Difficult times ahead for Vietnamese shoes exports to the EU

Exports of Vietnamese leather shoes to countries in the European Union will continue to experience difficulties next year.

The European Commission's tariff decision has seriously affected the life of workers in the Vietnamese footwear industry (Photo: SGGP)

That was the prediction made on Tuesday at a meeting between the Industry and Trade Ministry, the Vietnam Leather and Footwear Association (Lefaso) and Southern shoemakers.
The meeting was called to discuss measures to minimize the impact of anti-dumping lawsuits and boost leather shoe exports to the EU.
Leather shoe exports are predicted to decrease by 20-30 percent next year due to the global economic crisis.
The footwear industry will also be under tremendous pressure because Vietnam will be removed from a list of countries given preferential treatment by the EU on January 1. Exports of Vietnamese leather shoes to the EU will also be subject to a 10 percent anti-dumping tariff for an extra 12 to 15 months.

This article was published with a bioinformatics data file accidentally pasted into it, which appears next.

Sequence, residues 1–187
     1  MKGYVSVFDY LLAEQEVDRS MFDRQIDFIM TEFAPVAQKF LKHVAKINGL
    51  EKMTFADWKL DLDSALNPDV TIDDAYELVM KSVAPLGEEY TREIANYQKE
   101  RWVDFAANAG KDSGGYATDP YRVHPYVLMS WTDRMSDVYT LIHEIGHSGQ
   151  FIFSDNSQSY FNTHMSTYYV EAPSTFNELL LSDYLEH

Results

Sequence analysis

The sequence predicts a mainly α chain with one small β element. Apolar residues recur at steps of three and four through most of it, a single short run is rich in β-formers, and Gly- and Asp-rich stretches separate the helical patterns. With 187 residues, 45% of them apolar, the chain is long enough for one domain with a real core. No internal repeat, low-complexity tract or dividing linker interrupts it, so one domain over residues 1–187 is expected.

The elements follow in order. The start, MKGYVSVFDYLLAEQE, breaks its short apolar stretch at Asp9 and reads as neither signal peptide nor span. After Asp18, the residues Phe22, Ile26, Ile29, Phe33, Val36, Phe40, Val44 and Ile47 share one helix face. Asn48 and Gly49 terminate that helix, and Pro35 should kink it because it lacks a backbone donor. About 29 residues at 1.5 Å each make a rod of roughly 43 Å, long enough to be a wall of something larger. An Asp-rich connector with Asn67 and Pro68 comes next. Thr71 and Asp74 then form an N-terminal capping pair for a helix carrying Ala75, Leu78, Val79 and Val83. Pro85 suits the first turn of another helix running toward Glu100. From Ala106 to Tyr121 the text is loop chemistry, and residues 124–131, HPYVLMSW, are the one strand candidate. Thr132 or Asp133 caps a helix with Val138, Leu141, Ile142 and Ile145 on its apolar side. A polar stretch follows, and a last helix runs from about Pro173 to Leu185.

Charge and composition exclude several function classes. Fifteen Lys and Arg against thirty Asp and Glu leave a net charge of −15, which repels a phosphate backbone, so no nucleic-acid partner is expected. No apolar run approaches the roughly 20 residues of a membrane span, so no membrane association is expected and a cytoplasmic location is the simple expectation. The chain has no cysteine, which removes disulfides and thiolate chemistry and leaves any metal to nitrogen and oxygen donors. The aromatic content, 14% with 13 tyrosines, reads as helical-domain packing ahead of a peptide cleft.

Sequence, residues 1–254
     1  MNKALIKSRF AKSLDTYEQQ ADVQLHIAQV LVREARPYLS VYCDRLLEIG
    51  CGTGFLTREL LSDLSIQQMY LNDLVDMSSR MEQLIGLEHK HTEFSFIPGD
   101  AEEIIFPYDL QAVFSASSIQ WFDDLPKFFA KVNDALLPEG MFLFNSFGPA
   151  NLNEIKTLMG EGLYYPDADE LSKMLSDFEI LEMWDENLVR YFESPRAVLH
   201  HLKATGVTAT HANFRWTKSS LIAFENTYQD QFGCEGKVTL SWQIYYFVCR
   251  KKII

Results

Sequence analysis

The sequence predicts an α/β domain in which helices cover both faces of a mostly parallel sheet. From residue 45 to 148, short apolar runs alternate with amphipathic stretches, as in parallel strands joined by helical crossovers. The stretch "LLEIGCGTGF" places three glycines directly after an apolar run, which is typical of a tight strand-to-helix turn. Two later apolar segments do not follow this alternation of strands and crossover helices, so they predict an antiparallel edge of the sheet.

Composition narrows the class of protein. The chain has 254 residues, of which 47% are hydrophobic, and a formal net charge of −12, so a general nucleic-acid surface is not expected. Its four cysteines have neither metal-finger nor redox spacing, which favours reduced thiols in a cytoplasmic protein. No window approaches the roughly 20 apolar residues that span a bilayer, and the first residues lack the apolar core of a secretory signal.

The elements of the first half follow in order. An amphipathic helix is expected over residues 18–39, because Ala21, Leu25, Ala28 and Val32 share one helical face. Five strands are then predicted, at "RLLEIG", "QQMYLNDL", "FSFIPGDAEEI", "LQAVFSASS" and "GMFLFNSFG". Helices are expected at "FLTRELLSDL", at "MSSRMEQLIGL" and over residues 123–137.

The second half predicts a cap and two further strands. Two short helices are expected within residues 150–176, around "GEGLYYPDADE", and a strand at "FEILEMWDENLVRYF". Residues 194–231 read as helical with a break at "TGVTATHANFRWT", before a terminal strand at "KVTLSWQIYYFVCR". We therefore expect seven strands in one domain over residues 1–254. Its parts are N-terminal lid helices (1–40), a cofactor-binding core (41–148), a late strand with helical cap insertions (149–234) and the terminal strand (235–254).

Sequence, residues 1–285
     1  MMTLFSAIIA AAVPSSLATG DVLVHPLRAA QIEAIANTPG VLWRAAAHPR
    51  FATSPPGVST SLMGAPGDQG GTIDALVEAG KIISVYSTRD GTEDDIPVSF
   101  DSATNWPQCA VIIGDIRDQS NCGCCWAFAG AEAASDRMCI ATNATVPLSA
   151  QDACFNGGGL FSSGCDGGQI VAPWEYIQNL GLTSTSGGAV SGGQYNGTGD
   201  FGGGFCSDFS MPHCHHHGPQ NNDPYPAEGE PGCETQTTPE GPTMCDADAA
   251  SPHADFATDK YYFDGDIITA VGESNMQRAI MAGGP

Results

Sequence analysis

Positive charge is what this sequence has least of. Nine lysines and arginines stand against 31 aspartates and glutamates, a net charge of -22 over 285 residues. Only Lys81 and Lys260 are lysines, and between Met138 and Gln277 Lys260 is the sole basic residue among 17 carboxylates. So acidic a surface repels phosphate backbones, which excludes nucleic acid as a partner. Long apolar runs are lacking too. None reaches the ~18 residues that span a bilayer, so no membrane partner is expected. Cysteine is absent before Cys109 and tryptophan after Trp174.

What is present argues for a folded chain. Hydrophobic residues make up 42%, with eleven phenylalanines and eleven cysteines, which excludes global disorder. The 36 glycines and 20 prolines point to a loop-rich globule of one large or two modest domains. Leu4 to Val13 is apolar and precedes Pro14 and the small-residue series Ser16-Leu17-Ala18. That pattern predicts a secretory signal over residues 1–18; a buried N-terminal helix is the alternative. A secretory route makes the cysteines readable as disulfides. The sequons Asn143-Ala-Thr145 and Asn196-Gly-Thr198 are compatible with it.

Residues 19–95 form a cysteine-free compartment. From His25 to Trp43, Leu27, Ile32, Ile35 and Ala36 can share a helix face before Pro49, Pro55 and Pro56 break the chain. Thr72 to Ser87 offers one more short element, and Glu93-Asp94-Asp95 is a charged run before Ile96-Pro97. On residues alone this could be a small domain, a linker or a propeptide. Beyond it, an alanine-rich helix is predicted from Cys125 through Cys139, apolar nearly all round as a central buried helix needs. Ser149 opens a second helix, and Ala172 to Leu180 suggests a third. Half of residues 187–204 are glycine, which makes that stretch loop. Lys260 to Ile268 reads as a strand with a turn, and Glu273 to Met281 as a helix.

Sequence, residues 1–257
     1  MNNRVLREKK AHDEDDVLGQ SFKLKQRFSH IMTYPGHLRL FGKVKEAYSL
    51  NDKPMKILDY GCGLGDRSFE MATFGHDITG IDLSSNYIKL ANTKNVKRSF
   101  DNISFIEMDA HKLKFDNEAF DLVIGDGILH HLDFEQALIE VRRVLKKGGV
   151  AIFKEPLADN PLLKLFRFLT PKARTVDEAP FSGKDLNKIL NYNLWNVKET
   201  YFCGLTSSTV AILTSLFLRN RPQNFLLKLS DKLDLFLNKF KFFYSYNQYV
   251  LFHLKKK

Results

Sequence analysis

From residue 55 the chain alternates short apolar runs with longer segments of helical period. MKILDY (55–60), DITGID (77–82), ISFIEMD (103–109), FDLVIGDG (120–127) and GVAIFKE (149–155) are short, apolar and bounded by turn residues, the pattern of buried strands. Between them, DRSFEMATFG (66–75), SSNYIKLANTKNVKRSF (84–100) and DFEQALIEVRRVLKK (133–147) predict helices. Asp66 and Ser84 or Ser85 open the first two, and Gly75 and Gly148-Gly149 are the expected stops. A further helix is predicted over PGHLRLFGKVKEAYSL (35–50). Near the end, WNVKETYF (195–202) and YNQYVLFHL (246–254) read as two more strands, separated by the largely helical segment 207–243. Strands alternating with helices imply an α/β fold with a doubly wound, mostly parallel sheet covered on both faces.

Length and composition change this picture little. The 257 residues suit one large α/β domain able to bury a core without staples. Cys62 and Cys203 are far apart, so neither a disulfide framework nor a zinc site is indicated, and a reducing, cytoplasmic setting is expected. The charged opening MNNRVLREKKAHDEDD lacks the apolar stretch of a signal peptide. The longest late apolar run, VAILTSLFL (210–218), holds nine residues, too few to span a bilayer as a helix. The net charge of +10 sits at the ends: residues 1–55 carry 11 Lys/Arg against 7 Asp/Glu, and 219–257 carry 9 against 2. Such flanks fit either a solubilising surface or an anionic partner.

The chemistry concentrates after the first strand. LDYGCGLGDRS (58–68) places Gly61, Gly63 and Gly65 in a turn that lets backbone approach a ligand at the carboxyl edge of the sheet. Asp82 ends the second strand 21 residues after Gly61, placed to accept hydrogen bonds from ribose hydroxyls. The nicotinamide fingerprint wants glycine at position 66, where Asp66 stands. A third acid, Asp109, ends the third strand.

The EU’s decision to remove Vietnam from the preferential list and extend the anti-dumping tariffs on shoes will make Vietnamese shoe exporters lose their advantages in competing with foreign shoemakers in terms of price.
According to a Lefaso report, before the European Commission imposed anti-dumping tariffs on Vietnamese leather-capped shoes, 60-80 percent of shoemakers’ production was exported to the EU.
Two years after the anti-dumping duties were imposed, only 55 percent is exported to EU countries.
However, the EU remains Vietnam’s biggest shoe export market. Due to the current difficulties, the industry can target a growth rate of only 10 percent, or about US$5 billion, next year.
Leather shoes export revenue is forecast to amount to US$4.5 billion this year. 

By M. Hanh – Translated by Hoang Yen

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